The Neuroscience of Mindfulness: How Meditation Can Shape Your brain

Updated: Mar 27


  • Meditation changes our conscious experience by altering our neural wiring for the better

  • We can increase the strength of our pre-frontal cortex in relation to the amygdala

  • Increasing the strength of the pre-frontal cortex gives us a clear mind that makes productive decisions and positive emotion

  • Meditate for 10-20 minutes daily for 60 days to see serious benefits


Despite the attention mindfulness receives, there has been a failure to address the most important impacts it has on our psychology.

Media sources tend to focus on results while ignoring crucial details about the process; we hear how mindfulness can magically improve our focus and memory, or enhance our emotional state and life satisfaction. We may be impressed on the surface but this brush-over approach can leave us feeling uninformed and unempowered to make lasting changes to our habits. The crucial link, the "why and how" meditation works, is always missing.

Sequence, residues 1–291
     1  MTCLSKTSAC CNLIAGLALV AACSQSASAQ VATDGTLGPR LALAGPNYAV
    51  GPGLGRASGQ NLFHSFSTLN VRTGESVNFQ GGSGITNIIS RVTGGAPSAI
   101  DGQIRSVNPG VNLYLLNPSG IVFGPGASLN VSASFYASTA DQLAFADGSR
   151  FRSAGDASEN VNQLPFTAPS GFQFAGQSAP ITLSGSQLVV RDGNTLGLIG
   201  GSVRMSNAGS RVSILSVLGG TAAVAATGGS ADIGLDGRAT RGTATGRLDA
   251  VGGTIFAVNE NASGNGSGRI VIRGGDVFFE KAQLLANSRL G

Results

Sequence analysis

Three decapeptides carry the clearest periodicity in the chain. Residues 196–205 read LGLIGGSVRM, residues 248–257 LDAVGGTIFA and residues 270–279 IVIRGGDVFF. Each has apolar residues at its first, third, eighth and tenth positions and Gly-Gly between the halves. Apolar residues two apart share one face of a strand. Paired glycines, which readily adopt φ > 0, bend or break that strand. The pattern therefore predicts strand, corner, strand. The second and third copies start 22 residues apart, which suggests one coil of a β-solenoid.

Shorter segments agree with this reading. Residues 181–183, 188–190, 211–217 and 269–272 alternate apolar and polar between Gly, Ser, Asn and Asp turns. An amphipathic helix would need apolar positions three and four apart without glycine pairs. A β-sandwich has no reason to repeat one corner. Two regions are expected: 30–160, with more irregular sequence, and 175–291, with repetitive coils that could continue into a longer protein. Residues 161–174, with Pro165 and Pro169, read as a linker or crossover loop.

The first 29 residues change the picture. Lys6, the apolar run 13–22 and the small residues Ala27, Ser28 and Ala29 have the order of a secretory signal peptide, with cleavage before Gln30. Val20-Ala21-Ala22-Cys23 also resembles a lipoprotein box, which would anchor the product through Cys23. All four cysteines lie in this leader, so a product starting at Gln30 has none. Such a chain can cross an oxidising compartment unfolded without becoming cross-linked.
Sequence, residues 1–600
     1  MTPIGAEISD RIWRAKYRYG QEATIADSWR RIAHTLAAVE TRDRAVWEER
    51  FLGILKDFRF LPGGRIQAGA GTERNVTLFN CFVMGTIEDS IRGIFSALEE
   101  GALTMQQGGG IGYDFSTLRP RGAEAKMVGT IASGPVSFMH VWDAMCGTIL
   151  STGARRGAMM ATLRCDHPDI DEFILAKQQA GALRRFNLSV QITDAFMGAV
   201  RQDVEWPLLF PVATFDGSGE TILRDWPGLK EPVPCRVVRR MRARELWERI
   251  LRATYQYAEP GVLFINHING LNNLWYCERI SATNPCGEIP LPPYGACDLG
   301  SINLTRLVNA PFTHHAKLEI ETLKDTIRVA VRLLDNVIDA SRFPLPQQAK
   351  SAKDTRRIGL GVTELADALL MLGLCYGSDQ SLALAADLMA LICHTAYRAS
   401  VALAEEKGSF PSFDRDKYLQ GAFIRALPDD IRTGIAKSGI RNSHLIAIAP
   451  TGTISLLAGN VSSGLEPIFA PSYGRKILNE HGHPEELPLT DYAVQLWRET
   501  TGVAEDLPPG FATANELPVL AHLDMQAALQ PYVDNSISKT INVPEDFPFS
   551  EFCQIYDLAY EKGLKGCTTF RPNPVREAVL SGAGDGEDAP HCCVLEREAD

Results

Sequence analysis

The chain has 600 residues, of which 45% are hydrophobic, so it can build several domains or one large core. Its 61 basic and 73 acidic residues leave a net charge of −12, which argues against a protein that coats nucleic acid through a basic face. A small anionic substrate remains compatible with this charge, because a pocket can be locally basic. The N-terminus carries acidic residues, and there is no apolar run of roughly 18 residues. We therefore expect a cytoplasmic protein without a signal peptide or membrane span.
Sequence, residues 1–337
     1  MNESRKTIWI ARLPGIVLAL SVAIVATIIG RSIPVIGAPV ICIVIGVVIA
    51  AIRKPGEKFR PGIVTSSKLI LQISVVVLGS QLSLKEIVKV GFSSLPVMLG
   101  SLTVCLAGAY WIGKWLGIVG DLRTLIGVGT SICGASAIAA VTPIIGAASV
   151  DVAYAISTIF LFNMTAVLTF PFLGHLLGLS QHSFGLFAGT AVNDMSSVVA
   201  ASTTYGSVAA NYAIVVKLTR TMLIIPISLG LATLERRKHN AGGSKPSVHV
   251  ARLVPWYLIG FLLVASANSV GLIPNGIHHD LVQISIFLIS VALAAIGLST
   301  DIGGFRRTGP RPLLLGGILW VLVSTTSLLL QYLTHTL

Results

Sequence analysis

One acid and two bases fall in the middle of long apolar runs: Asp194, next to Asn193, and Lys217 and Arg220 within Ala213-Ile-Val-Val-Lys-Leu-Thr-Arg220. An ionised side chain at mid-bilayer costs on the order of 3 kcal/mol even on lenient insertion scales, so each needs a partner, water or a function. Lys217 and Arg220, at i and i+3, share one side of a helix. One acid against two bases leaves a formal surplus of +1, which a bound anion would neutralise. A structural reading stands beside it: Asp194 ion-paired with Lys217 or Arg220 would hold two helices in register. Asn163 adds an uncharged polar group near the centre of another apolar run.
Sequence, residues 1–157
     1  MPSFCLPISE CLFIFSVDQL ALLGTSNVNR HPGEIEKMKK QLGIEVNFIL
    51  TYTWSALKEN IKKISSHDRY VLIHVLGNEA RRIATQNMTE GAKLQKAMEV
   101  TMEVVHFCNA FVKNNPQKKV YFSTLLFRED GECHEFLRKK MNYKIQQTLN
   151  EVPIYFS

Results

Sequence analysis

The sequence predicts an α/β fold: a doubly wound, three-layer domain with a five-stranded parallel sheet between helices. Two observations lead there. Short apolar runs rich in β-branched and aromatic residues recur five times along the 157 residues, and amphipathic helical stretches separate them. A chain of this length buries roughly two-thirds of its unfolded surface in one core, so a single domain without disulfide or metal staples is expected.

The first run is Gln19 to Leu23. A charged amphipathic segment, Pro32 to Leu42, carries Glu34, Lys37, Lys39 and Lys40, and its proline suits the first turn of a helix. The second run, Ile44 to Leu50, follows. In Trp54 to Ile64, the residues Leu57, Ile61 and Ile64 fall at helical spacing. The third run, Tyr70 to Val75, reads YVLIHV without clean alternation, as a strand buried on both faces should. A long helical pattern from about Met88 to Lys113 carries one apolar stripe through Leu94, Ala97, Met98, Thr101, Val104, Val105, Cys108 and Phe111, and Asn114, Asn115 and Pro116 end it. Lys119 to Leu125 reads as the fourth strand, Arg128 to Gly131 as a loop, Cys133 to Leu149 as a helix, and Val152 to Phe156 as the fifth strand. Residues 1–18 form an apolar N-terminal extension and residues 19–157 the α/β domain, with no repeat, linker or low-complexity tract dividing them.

This blog will go deeper and uncover the rich detail involved in the process of becoming mindful.

  • We will explpore the way our consciousness operates and expose the connections between the biology of the brain and our subjective experience.

  • We will highlight the physical changes that occur in our neurology as a result of training our minds, aswell as understanding how this impacts the relationship we have to thoughts and feelings.

  • We will discover exactly how this kind of mental evolution achieves an internal state that is conducive to reaching goals and unlocking fulfillment.